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DC Comics makes new Superman bisexual on 'Coming Out Day'

Superman
The Superman costume as worn by Christopher Reeve in Superman III is displayed at the Auction House of Bonhams and Goodman on May 23, 2009, in Melbourne, Australia. |

An upcoming comic book issue will profile a same-sex relationship between Superman’s son and a fellow journalist, making it the latest reintroduction of a well-established comic book character under the LGBT banner.

DC Comics announced Monday that “the life of Jon Kent, the Superman of Earth and son of Clark Kent and Lois Lane” will take a “bold new direction” in the upcoming issue of the comic book series Superman: Son of Kal-El, scheduled for release on Nov. 9. Accompanied by a subheadline declaring that “Earth’s New Superman Comes out as Bisexual,” a promo for Superman: Son of Kal-El # 5 features a picture of Jon Kent in his Superman uniform locked in a same-sex kiss with a male reporter.

A brief summary of the upcoming issue states: “Just like his father before him, Jon Kent has fallen for a reporter. After initially striking up a friendship with reporter Jay Nakamura, he and Jon become romantically involved in the pages of SUPERMAN: SON OF KAL-EL # 5.”

Officials with DC Comics who worked on the issue shared their collective excitement about the depiction of a beloved comic book character as bisexual.

“I’ve always said everyone needs heroes and everyone deserves to see themselves in their heroes and I’m very grateful DC and Warner Bros. share this idea,” said Tom Taylor, who wrote the comic book issue. “Superman’s symbol has always stood for hope, for truth and for justice. Today, that symbol represents something more. Today, more people can see themselves in the most powerful superhero in comics.”

Artist John Timms proclaimed that he was “incredibly honored to work beside Tom on the SUPERMAN: SON OF KAL-EL series showing Jon Kent tackling his complex modern life, while also saving the world from its greatest threats, villains and menaces.”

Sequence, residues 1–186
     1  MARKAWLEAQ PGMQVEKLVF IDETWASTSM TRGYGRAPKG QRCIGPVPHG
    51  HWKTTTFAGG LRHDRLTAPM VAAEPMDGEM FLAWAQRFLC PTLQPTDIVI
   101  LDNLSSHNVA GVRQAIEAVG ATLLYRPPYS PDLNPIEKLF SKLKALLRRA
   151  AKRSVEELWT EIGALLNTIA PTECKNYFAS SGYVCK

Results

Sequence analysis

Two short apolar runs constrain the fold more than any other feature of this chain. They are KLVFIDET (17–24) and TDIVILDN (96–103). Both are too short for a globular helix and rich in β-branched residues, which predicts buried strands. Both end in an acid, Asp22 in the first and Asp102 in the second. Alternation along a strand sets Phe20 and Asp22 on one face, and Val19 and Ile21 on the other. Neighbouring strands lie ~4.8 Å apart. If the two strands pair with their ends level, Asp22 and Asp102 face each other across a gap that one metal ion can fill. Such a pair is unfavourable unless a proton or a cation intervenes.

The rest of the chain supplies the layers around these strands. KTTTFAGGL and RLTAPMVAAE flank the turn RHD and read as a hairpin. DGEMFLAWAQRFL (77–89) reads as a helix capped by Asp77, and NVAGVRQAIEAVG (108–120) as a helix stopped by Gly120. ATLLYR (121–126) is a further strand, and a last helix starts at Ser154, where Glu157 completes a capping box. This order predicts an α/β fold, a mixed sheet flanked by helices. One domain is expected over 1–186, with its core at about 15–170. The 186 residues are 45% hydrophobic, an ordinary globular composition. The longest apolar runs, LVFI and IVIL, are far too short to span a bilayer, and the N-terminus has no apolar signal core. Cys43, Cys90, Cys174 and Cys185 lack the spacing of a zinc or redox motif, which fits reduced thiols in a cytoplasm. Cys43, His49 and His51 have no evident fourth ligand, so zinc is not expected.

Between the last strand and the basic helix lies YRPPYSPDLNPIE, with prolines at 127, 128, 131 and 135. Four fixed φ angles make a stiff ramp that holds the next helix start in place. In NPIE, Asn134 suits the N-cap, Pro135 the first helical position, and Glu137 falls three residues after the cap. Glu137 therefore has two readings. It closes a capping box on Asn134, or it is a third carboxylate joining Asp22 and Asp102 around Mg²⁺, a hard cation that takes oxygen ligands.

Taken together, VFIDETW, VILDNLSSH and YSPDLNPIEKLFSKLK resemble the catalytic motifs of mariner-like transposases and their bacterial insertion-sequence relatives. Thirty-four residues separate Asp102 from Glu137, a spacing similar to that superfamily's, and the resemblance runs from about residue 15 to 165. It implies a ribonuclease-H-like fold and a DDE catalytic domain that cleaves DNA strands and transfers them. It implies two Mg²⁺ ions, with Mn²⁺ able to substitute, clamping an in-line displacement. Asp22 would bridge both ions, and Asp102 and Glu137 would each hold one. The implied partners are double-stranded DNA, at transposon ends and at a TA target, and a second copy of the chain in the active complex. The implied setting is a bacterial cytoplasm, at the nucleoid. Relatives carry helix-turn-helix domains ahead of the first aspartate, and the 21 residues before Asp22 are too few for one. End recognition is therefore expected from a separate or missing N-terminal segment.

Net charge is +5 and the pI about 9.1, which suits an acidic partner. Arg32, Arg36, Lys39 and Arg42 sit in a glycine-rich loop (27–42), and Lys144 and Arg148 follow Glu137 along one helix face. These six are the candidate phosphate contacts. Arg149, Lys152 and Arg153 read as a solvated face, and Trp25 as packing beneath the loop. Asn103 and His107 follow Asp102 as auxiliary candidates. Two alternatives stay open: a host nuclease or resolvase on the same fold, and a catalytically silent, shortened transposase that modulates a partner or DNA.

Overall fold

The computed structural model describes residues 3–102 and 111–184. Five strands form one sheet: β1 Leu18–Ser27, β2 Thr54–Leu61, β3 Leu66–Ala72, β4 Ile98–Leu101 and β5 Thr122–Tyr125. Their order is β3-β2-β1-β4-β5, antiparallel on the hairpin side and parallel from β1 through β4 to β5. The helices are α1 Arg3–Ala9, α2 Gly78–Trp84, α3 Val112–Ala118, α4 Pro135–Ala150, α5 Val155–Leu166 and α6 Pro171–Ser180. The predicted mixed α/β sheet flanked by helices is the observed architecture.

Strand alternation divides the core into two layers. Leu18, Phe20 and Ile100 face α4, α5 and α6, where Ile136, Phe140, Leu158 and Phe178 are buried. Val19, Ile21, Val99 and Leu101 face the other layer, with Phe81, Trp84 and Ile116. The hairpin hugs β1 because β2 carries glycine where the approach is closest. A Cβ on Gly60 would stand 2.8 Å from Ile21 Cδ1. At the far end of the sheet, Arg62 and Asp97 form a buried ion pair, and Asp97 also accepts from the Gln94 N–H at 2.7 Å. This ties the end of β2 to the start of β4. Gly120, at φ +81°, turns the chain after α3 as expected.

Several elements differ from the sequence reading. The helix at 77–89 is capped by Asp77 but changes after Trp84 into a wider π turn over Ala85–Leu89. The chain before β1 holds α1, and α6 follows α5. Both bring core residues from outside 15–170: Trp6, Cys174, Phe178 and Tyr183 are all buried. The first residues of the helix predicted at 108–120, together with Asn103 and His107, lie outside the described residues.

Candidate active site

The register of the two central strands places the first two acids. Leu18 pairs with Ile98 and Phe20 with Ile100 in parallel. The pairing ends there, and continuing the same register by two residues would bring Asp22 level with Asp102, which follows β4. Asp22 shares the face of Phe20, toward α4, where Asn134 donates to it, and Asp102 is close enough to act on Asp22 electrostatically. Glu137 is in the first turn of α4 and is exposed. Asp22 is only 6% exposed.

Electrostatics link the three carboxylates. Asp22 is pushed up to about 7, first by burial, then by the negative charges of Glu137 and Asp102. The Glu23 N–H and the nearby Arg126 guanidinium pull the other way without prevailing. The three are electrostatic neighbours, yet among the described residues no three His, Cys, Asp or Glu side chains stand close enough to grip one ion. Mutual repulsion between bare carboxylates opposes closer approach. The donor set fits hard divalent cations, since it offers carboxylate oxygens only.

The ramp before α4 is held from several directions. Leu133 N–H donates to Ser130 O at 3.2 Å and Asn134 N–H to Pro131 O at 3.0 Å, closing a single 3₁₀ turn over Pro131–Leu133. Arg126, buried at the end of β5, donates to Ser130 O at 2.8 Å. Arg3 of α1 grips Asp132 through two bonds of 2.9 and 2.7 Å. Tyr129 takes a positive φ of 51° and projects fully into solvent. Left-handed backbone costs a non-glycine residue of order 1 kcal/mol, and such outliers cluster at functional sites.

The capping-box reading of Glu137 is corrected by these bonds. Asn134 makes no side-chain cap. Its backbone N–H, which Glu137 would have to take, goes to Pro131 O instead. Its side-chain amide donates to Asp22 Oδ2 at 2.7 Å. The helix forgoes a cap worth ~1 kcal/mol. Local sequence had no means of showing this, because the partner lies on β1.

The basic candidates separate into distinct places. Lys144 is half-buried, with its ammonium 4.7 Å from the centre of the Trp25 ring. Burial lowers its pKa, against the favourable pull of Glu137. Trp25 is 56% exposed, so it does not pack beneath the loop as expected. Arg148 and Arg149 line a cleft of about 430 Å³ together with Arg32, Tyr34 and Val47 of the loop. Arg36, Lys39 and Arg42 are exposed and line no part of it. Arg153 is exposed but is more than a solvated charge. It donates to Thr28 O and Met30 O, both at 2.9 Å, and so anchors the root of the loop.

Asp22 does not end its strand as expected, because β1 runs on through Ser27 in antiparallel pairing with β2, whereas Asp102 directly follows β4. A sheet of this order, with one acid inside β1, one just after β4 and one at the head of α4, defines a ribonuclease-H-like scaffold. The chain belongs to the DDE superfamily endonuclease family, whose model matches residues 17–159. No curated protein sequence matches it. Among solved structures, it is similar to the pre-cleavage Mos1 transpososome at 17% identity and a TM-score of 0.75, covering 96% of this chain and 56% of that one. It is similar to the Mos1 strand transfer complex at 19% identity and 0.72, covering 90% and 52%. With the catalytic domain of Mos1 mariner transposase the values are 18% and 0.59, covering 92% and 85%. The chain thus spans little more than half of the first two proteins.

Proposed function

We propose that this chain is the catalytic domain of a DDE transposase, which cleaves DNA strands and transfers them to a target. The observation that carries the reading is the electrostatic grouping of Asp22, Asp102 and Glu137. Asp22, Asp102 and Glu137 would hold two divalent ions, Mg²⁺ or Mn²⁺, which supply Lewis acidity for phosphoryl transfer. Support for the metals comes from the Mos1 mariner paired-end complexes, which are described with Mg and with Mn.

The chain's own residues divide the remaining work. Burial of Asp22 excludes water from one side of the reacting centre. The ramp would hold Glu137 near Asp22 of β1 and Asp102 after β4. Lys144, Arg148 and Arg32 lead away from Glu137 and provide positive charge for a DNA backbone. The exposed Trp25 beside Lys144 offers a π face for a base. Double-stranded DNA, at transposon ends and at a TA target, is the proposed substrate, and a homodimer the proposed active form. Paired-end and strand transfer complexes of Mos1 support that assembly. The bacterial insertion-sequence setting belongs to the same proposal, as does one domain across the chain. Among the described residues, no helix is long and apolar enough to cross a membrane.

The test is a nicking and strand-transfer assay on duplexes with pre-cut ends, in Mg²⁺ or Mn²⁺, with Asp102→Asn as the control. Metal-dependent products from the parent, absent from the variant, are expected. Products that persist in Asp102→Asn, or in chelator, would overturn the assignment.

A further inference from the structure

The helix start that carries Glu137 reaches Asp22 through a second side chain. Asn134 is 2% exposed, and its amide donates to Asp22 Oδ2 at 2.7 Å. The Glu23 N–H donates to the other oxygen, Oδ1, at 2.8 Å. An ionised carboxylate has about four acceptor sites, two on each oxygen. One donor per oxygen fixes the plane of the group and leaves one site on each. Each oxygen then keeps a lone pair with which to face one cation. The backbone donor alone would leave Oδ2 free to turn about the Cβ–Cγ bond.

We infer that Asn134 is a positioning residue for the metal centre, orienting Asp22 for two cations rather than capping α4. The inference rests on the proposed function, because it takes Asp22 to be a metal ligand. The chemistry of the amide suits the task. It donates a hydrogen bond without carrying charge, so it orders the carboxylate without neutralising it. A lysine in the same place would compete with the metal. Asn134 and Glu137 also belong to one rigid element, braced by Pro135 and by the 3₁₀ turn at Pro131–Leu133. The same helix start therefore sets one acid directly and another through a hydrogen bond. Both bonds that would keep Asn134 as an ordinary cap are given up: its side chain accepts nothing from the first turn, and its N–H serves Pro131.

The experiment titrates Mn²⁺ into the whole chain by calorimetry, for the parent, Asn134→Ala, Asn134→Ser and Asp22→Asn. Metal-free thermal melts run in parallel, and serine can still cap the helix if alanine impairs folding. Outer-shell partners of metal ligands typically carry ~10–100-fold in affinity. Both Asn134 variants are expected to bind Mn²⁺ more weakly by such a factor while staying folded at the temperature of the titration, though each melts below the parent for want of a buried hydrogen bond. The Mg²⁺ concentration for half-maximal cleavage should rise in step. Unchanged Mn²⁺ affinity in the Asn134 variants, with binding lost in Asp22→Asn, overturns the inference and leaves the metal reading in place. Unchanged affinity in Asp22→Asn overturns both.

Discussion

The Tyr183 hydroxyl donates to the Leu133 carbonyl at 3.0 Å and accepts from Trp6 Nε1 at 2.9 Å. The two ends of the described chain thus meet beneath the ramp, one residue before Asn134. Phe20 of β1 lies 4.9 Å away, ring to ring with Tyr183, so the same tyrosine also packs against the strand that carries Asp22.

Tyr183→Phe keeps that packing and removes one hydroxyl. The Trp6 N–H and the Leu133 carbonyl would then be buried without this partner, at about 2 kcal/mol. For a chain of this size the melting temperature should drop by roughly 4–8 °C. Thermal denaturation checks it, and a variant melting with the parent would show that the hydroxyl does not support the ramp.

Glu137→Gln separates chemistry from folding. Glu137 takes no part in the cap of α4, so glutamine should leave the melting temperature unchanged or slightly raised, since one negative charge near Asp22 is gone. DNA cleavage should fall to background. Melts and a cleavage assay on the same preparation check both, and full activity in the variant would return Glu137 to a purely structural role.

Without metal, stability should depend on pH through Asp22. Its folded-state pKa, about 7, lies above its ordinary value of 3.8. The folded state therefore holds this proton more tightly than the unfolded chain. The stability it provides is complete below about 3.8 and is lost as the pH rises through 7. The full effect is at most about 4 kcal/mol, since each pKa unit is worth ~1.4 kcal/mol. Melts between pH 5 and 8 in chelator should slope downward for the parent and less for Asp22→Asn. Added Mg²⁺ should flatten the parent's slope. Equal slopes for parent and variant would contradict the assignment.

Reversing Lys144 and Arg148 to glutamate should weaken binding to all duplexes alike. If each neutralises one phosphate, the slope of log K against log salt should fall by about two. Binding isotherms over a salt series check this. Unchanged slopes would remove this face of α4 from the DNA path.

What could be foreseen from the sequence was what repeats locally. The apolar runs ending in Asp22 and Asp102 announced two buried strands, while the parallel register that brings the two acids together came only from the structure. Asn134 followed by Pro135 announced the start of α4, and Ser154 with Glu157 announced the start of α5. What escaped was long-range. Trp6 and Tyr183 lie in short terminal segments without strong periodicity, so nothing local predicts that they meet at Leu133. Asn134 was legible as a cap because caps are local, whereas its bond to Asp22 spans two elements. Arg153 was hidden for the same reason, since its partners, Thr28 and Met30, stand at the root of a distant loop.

DC Chief Creative Officer and Publisher Jim Lee also expressed enthusiasm about the upcoming comic book issue and the introduction of Jon Kent as a bisexual man.

“We couldn’t be prouder to tell this important story from Tom Taylor and John Timms,” he said. “We talk a lot about the power of the DC Multiverse in our storytelling and this is another incredible example. We can have Jon Kent exploring his identity in the comics as well as Jon Kent learning the secrets of his family on TV on Superman & Lois. They coexist in their own worlds and times, and our fans get to enjoy both simultaneously.”

While DC Comics did not acknowledge this explicitly, the announcement that Jon Kent is an LGBT character coincided with the so-called "National Coming Out Day," a day recognized by the Biden administration and described by the LGBT activist group Human Rights Campaign "as a reminder that one of our most basic tools is the power of coming out.”

“Thirty-three years ago, on the anniversary of the National March on Washington for Gay and Lesbian Rights, we first observed National Coming Out Day. ... The occasion has been recognized on Oct. 11 every year since," according to the LGBT group. 

The characterization of Jon Kent as bisexual is not the first attempt by DC Comics to make overtures to the LGBT community by rebranding well-established characters as members of the community. In an issue of Batman: Urban Legends published in August, the comic book publisher revealed that Robin, the sidekick of Batman, was romantically interested in a male friend. 

The efforts to make prominent superhero characters members of the LGBT community come as the LGBT advocacy group GLAAD has pushed for LGBT characters to account for 20% of all television characters by 2025. Examples of other notable characters recently reintroduced as LGBT include Batwoman, who was portrayed as a lesbian on the CW series “Batwoman” and Mr. Ratburn on “Arthur,” who entered into a same-sex marriage on a 2019 episode of the PBS program based on the long-running children’s book series.

DC Comics first began working to incorporate LGBT characters into storylines featuring pre-established superheroes nearly a decade ago, when the comic book publisher faced considerable backlash for depicting the Green Lantern as a gay man. In 2013, as the publishing company began to embrace LGBT activism in the past decade, a guest author who opposed same-sex marriage had his work edited out of an anthology series. 

At the same time, two authors of the Batwoman comics left DC Comics in protest of the company’s request that they put aside their plans to include the title character’s same-sex wedding as part of the series.

Ryan Foley is a reporter for The Christian Post. He can be reached at: ryan.foley@christianpost.com

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